The Founder of the House by Naomi Jacob: Guest Blog PostThe Founder of the House is the first of seven titles chronicling several generations of the Gollantz family. While their story begins in Paris during the Napoleonic Wars, most of this opening volume is set throughout nineteenth century Vienna.
The Gollantz family run a successful antiques business which brings them into daily contact with Viennese high society, including royalty. They are well-liked and respected, but remain outside upper-class circles because they are Jewish. Despite this, handsome young Emmanuel Gollantz gains the admiration of two women from the royal court, which has far-reaching repercussions both for his and his family's futures.
Emmanuel’s father, Hermann, is very conscious of how the actions of one Jew can be used to support prejudiced views of his race as a whole. He goes to great lengths to lead a life of honesty and integrity, and is willing to do anything to protect his family's good name. Unfortunately, his unscrupulous brother-in-law takes advantage of Hermann's anxieties, threatening the Gollantz's reputation and business.
While many of the family's challenges relate to the times in which they live, The Founder of the House is a family saga encompassing timeless and universal themes. At its heart, this is a story about the joyous and destructive powers of love, the importance of family ties and friendship, the consequences of loyalty and ambition.
As the Gollantz Saga progresses, the action moves to Edwardian London and then Mussolini's Italy. It is a journey which is similar to that of the saga's author, Naomi Jacob.
Born in Yorkshire in 1884, Jacob's first job was as a teacher, which she left behind to join the world of the music halls in Leeds. She started off as secretary to a famous music hall star of the era, and went on to become an actor herself, even starring opposite John Geilgud on the West End stage.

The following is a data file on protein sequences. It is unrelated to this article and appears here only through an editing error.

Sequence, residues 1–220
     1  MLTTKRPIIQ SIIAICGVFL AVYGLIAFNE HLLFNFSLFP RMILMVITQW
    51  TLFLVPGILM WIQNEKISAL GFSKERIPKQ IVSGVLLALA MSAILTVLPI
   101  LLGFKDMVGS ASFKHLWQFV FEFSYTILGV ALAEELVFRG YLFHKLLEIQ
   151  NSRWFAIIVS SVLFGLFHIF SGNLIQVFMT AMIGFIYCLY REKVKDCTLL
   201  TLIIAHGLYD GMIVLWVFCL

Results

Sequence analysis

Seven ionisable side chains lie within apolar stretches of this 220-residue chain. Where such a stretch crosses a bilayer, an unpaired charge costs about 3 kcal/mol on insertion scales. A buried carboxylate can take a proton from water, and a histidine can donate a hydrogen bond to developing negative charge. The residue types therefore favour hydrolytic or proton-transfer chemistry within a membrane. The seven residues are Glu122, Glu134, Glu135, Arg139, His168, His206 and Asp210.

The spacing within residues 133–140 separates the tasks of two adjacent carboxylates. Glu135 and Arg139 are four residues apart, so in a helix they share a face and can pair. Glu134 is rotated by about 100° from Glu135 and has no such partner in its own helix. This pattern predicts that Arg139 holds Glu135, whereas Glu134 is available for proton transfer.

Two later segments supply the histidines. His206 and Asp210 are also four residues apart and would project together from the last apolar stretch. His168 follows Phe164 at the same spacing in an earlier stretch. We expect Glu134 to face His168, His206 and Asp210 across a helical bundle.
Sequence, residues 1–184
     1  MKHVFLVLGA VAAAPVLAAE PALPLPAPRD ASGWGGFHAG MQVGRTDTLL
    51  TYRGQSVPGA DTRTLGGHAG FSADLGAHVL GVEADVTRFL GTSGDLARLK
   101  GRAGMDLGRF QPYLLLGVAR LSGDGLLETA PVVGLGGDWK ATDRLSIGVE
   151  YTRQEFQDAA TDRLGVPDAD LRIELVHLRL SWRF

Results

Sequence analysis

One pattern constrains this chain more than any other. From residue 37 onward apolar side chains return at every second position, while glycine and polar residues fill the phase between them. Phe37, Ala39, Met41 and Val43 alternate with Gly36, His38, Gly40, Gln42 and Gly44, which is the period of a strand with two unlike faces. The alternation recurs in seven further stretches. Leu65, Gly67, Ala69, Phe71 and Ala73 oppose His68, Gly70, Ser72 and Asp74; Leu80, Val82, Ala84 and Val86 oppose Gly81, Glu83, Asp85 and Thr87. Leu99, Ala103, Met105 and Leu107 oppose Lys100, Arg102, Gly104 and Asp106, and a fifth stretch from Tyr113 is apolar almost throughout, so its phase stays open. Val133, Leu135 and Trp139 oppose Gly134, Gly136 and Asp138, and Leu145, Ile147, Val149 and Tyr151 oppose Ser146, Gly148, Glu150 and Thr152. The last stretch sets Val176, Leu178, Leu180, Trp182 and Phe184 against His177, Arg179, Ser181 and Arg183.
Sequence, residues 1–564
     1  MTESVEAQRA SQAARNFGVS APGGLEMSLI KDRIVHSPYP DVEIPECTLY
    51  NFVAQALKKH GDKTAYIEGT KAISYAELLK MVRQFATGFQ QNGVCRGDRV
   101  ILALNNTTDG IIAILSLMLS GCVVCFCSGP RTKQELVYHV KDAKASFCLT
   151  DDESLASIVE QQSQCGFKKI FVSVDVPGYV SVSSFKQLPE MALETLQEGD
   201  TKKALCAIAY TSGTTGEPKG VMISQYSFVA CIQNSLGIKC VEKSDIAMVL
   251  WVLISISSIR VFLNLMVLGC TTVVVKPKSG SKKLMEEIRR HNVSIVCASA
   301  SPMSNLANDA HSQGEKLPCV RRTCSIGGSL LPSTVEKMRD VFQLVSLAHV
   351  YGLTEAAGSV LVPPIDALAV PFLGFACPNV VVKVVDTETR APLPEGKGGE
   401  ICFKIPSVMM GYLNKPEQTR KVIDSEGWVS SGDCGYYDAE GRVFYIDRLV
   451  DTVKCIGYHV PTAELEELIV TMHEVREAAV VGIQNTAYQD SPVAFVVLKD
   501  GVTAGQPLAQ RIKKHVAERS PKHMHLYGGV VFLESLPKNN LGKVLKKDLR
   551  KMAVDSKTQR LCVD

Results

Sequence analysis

In 1930, ill health led Jacob to move to the milder climate of Sirmione, on Lake Garda in Italy. It was here that she wrote the bestselling Gollantz Saga. She remained in Sirmione for the rest of her life, apart from a period during the Nazi occupation.
Although she was raised an Anglican and later converted to Catholicism, Jacob's grandfather was a Jewish tailor who had fled to England from Western Prussia to escape a pogrom. She was very proud of these Jewish roots and was a frequent critic of anti-Semitism and Fascism.
2014 marks fifty years since the author's death. The Founder of the House and the other titles in the Gollantz Saga are now being reissued in digital format to give today's readers a chance to discover this hugely entertaining series and follow the fascinating lives of the Gollantz family.
You can read more about Naomi Jacob at www.naomijacob.com
The Founder of the House by Naomi Jacob is published by Corazon Books.
About the Book
Publication Date: August 23, 2014 | Corazon Books | eBook; 320p | ASIN: B00MZZDHMQ
Genre: Historical Fiction
Set in nineteenth century Paris, Vienna and London, this is a novel about family ties and rivalries, love and ambition.
The Founder of the House introduces us to Emmanuel Gollantz, the son of a Jewish antique dealer, Hermann Gollantz.
Hermann lives his life according to the principles of loyalty, honesty and honour instilled in him as a child. But these ideals are ruthlessly exploited by his wife's family, threatening everything that is important to him. Protecting his beloved wife, Rachel, from the truth carries a great cost.
As a young man, Emmanuel, becomes involved with the inner circle of the Viennese Court, where his passion for the married baroness, Caroline Lukoes, has far-reaching consequences both for himself and the House of Gollantz.
The Founder of the House is the first book in the bestselling Gollantz Saga - an historical family saga tracing the lives and loves of the Gollantz family over several generations. This seven-novel series explores how one family's destiny is shaped by the politics and attitudes of the time, as well as by the choices and actions of its own members.